Starting a practice

3 things you need to start your own practice (and 3 things you don’t)

An illustration of a to-do list.

Here’s your starter kit for private practice, according to providers who’ve been there before.

If you don’t know where to begin when it comes to starting a mental health practice, you’re not alone.

“We all get trained to treat mental health conditions from a clinical standpoint,” says Andy Cruz, a private practice psychiatrist and medical director at Headway. “But we don't learn about billing and coding, and we don't learn about how we go out and market ourselves and get patients — all the practicalities that make it really hard to be a private provider.

While it’s certainly not easy to strike out on your own, it can be uncomplicated. There are really only a few must-have requirements to set up a practice with Headway. Everything else, from an office to a website to a business bank account, can come later — if you even need them at all.

Here’s your starter kit for private practice, according to providers who’ve been there before.

The only 3 things you need: NPI, CAQH, and malpractice insurance

As a fully licensed provider, there are only three things you need to start seeing patients in private practice:

Those three requirements can get you set up with Headway, where you can get in-network with insurance quickly, and begin seeing patients in a matter of weeks. (Check out Headway's onboarding guide for more details.)

If you're worried about what it will take to work with insurance after going in-network, you're not alone.

“When I started in my private practice, I would send a bill, and the insurance company would be like: ‘you didn’t code this right.’ Because I don’t know how!” Andy says. “ It was so hard.”

For a while, Andy hired someone to handle his billing and coding, but acknowledges what a financial hit that was to his bottom line in those early days of starting his business.

“Those things cost money,” he says. “Having a service that can do all that for you instead is really invaluable as a provider. Now, I don't really worry about that stuff. I just focus on patients, which is what I always wanted to do."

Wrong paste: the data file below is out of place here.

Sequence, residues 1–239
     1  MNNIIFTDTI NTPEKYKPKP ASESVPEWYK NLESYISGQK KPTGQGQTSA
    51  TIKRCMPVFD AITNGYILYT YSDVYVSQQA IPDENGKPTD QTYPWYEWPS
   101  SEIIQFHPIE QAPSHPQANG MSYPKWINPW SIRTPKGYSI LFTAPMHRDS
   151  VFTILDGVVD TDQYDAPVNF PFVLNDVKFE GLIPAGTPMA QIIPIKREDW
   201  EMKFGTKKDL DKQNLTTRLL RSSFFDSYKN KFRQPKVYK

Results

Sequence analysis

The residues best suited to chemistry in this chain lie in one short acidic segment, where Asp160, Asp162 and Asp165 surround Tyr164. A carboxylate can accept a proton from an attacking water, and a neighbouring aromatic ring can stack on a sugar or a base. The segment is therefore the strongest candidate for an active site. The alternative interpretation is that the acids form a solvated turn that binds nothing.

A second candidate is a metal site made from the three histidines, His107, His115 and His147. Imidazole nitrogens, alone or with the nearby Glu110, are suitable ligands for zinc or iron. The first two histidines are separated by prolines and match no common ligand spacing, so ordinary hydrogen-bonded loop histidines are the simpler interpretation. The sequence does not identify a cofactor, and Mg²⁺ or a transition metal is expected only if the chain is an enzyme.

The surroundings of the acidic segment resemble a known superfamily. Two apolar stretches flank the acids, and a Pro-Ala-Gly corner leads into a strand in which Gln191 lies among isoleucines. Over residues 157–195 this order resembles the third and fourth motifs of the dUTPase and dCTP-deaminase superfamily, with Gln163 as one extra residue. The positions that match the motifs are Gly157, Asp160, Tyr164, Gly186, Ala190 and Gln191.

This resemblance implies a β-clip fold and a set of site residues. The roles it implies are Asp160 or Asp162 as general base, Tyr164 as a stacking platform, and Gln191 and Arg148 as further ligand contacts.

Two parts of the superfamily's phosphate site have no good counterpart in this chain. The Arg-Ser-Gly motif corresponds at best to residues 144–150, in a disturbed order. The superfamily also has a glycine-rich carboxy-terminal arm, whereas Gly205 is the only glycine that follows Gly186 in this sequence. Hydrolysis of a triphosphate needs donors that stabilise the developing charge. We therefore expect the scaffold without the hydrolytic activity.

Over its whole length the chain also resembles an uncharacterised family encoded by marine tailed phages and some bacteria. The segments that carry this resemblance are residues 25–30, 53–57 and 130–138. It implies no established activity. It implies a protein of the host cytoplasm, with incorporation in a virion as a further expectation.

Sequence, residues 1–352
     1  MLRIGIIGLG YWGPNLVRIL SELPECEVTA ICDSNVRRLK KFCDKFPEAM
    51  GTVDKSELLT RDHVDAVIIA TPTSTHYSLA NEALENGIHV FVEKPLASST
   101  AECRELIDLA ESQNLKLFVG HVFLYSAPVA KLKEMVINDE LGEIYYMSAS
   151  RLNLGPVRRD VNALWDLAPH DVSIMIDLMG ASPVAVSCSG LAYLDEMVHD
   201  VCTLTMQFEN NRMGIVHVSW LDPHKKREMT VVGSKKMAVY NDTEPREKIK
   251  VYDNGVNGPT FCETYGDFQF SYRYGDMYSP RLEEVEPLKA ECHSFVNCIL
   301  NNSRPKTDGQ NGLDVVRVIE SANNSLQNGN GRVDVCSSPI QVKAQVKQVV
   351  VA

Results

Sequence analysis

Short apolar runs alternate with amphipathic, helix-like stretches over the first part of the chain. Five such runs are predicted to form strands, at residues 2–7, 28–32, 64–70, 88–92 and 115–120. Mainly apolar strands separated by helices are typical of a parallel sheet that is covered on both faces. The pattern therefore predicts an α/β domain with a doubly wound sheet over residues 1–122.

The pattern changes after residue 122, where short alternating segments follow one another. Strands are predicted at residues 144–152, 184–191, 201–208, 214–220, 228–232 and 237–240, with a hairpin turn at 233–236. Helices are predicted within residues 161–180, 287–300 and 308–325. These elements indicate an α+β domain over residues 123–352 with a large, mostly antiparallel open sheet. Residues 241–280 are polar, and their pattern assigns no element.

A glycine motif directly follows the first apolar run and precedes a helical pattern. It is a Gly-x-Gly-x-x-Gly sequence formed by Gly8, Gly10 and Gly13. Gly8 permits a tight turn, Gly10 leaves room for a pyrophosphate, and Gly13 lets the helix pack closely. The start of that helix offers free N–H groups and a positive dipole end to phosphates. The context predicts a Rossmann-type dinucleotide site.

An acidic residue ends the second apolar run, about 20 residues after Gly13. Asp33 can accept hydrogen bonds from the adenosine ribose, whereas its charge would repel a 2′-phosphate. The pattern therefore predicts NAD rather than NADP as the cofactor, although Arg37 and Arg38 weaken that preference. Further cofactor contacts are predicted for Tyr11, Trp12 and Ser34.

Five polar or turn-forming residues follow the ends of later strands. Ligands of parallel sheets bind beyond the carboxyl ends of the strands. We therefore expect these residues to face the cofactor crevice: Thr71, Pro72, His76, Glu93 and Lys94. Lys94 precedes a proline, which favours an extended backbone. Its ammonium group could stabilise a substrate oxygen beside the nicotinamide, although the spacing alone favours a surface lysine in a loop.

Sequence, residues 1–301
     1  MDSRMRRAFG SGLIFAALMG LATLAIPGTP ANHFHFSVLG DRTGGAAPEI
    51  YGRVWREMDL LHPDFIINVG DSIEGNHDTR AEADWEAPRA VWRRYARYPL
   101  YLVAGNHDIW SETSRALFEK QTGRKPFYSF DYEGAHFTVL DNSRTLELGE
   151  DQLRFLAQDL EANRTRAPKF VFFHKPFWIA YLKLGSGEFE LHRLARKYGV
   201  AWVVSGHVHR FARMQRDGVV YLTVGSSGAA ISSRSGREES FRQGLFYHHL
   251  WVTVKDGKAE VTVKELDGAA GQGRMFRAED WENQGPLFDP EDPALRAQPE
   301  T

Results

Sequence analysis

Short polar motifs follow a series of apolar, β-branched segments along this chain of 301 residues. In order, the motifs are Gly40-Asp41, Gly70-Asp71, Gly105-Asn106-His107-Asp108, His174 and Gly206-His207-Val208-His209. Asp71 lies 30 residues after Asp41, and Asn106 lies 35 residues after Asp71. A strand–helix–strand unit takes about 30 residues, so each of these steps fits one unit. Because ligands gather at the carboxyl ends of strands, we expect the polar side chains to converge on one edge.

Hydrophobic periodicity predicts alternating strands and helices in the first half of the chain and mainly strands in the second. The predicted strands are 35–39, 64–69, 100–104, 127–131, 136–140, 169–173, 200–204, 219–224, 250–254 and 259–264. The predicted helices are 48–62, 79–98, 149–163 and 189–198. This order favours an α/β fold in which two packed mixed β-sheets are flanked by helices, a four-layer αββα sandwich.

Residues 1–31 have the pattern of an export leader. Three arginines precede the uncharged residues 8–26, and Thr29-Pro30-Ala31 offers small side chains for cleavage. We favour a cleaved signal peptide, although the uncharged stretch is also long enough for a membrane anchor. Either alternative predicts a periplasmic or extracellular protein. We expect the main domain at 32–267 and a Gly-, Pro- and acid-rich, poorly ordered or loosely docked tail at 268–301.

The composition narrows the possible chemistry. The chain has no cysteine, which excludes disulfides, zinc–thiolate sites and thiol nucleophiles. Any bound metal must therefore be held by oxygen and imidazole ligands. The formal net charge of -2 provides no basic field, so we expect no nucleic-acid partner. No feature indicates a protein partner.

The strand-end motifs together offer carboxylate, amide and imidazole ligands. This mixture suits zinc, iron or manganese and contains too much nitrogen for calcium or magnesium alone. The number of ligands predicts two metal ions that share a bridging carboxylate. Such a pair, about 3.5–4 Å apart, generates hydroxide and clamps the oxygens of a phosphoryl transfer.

Headway's provider portal — called Sigmund — allows you to easily submit and manage claims (and receive payments in just 2 weeks), plus our product offers templates to simplify the end-to-end insurance documentation process — giving you time back to focus on your patients.

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3 things you don’t need before you start a private practice

At least not right away. Each of these things can be valuable for your business, but don’t need to be a blocker to get started.


1. An office

Yu Wang, a nurse practitioner, started her own practice in 2022 with Headway. Because she built her solo caseload from zero patients, it was a part-time gig — just one day a week — that she could comfortably run from home. Only now, one year later with a full-time schedule, is Yu considering finding an office space so she can see patients in person.

“At the beginning, I really don't think it's necessary, because everything can be virtual,” she says.

It’s true: The Covid era ushered in a “remarkable transition” to virtual care, according to RAND researchers in a recent study published in the the JAMA Health Forum, and even today, nearly 60% of Headway providers today run their practice from home.


2. A business bank account

There’s no requirement that you keep your business income in a separate business bank account. Providers on Headway receive guaranteed, biweekly payments for care they’ve provided that can be deposited into a personal account.

A business bank account is a good idea, though, if you’re not great with money. Yu maintains a separate bank account and credit card: “Otherwise, it just seems to get a little messy,” she says.

Andy, on the other hand, doesn’t keep a separate bank account for his psychiatry business, but acknowledges that he’s disciplined about habits like setting aside money for self-employed tax payments. In fact, talking to a tax professional during your first year in practice can be a good first financial step to avoid any surprises, and make sure you're prepared.


3. A personal website

Yu doesn’t see any point to having a professional website. She says that she’s filled her ideal caseload by sourcing patients from marketing her practice on sites like Headway, Psychology Today, and other specialized healthcare directories.

“At the beginning of last year, I was thinking about having my own website,” says Yu. “And it just seems like, number one, it costs a lot of money. And number two, it doesn’t seem like it’s necessary.”

Andy agrees. He started his practice with a website, but took it down about 6 months later because he was getting more patient referrals from other sources.

"I built it myself. I liked it. It was nice,” he says. “But once I filled up, which was very quick, I was like: Why do I have this website? I keep getting referrals and I can't take them. So I took it down. I think things like Psychology Today or getting referrals through friends and family are sufficient.”

Headway takes away the administrative burden of working with insurance. From credentialing to claim submission and payment, we make the entire process seamless and stress-free.

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Starting a practice

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